Our advice will get him from "I don't want that" to "more, please!"
8 Tummy-Pleasing Tips
There's plenty you can do to win the food fights at your table. Try out these eight expert tips to make mealtimes the fulfilling -- albeit messy -- experiences they should be.
- Offer a variety of flavors and textures, starting when he's around 9 months. Introduce him to spices and different preparation methods, such as poaching in broth or roasting.
- Eat a varied diet yourself. If you toddler sees you eating a turkey sandwich one day at lunch and vegetable soup the next, she'll want to mimic Mommy.
- Offer new or less-favored foods first. If your carb-lover fills up on pasta, he won't try the chicken and veggies you want him to sample.
- Avoid food fights. Don't make too big a deal when, say, your son throws his beans on the floor. Draw attention to the problem, and sometimes any attention is good attention.
- Get creative and come up with fun names for foods. For example, try calling salad "dessert."
- Work toward repeat exposures. Studies have found that a child may need to taste a new food eight or nine times before truly accepting it.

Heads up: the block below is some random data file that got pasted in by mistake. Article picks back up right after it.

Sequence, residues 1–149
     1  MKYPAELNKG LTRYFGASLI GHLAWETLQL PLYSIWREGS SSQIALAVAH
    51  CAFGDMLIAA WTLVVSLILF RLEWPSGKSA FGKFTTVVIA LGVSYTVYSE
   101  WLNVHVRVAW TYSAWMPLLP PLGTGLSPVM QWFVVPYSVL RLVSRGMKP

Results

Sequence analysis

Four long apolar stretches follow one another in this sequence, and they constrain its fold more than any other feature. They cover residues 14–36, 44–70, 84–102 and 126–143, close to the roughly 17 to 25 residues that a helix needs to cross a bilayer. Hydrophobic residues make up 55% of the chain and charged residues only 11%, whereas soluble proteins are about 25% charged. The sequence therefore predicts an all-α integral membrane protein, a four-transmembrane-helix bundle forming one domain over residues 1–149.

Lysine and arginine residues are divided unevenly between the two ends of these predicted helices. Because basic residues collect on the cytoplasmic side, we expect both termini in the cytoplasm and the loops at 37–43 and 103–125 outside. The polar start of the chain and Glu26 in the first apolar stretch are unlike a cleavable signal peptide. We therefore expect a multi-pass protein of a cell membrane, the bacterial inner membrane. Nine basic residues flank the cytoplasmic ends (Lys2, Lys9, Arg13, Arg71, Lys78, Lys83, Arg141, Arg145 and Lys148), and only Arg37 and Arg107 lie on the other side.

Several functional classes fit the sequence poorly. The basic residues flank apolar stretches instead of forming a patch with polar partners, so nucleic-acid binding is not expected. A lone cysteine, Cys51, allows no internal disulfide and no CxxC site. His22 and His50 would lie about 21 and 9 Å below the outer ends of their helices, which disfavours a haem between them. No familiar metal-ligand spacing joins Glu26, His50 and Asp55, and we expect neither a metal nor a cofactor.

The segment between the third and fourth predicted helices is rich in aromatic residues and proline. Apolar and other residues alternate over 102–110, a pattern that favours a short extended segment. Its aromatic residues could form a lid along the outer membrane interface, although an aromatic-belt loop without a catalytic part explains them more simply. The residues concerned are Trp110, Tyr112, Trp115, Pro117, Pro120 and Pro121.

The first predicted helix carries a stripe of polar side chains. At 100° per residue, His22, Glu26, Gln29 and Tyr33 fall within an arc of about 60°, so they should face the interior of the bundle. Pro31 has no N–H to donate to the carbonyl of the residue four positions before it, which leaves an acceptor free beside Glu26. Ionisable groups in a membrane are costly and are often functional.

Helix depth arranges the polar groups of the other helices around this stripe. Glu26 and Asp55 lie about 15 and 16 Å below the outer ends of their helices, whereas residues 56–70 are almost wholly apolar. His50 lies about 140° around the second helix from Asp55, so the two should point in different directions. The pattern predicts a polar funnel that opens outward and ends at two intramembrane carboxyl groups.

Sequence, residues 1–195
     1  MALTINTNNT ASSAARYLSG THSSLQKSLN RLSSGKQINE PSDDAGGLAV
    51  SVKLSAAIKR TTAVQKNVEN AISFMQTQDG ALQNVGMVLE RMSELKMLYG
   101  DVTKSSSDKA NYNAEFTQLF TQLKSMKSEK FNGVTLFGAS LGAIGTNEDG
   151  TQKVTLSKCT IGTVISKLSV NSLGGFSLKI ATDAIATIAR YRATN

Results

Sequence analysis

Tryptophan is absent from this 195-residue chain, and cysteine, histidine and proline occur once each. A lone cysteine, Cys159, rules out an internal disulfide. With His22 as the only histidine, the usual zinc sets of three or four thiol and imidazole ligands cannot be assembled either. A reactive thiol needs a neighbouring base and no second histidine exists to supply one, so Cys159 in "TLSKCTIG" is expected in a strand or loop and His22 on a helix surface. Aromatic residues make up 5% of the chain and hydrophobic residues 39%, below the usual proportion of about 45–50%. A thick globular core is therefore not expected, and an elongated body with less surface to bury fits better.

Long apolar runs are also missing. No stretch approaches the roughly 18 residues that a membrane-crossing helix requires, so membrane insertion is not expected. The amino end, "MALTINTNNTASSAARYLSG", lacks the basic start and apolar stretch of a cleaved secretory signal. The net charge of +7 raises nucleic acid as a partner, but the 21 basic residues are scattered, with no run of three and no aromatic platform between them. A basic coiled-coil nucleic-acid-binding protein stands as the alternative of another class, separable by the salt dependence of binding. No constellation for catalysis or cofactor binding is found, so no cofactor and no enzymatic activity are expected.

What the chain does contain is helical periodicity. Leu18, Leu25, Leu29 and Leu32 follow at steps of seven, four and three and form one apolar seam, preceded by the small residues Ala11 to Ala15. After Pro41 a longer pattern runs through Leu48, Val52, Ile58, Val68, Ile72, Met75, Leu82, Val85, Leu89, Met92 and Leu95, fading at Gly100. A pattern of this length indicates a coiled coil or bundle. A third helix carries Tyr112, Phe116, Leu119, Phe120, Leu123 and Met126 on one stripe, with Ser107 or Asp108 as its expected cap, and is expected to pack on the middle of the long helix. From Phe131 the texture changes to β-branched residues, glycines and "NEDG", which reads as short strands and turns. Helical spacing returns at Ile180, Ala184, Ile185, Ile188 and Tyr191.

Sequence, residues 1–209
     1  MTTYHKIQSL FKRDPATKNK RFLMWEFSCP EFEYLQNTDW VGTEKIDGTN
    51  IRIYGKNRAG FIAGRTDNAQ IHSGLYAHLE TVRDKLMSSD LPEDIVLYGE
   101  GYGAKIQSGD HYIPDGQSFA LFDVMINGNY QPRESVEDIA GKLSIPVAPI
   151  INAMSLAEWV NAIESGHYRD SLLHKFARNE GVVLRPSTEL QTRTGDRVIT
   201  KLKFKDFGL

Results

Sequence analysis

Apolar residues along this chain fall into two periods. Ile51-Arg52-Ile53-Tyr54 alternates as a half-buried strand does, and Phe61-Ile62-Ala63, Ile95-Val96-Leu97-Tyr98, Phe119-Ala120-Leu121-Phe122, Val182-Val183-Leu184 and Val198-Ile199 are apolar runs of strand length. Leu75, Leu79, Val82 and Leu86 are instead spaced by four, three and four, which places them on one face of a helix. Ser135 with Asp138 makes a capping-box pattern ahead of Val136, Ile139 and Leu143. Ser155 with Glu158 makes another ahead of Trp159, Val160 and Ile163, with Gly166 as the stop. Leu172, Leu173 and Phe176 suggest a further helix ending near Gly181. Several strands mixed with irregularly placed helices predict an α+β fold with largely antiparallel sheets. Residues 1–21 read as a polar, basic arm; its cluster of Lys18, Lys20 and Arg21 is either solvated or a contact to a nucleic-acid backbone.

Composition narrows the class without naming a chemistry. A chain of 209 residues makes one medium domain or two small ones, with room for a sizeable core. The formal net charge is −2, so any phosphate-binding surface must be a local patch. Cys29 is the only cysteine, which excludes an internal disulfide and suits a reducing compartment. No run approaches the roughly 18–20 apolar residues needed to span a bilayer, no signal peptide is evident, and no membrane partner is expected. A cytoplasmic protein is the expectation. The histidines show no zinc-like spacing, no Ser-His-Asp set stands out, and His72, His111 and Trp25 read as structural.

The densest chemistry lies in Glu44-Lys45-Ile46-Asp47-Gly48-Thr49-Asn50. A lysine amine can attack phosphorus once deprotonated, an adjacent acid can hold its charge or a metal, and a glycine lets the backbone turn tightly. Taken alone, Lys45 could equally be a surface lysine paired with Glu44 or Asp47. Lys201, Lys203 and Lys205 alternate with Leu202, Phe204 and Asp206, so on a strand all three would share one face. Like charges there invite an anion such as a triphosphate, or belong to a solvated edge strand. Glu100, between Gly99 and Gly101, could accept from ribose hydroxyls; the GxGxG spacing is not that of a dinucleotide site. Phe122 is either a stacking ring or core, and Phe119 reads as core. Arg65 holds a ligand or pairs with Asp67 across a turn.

- Respect your child's appetite. If your daughter doesn't seem interested in eating more than a bite or two of dinner, it's okay. When kids dictate how much they eat meal to meal, they thrive.
- Avoid becoming a short-order cook for your family. If you've made pot roast for dinner, that's what's on the menu -- your kids have to take it or leave it.
Your toddler is eating and enjoying a variety of foods, until one day he will eat only plain spaghetti or hot dogs. By day three, parental panic sets in: Will this behavior last forever?
"Don't worry. Food jags are normal," assures Amy Jamieson-Petonic, RD, a spokeswoman for the American Dietetic Association. "Showing food preferences can be one ways a young child displays her emerging identity." Most kids will give up a jag by themselves, so it's fine to indulge your child for a short time. But if the jag continues or more than two weeks, gently intervene. "At that point, your child can begin to have possible nutrient deficiencies," she says.
Slowly and nonchalantly reduce your child's portion of the jag food; serve him less spaghetti, for example, while also placing other choices on his plate. When he asks for more of his favorite, say, "That's all there is for tonight." Over the next several days, slowly phase out the jag food.
Originally published in American Baby magazine, June 2007.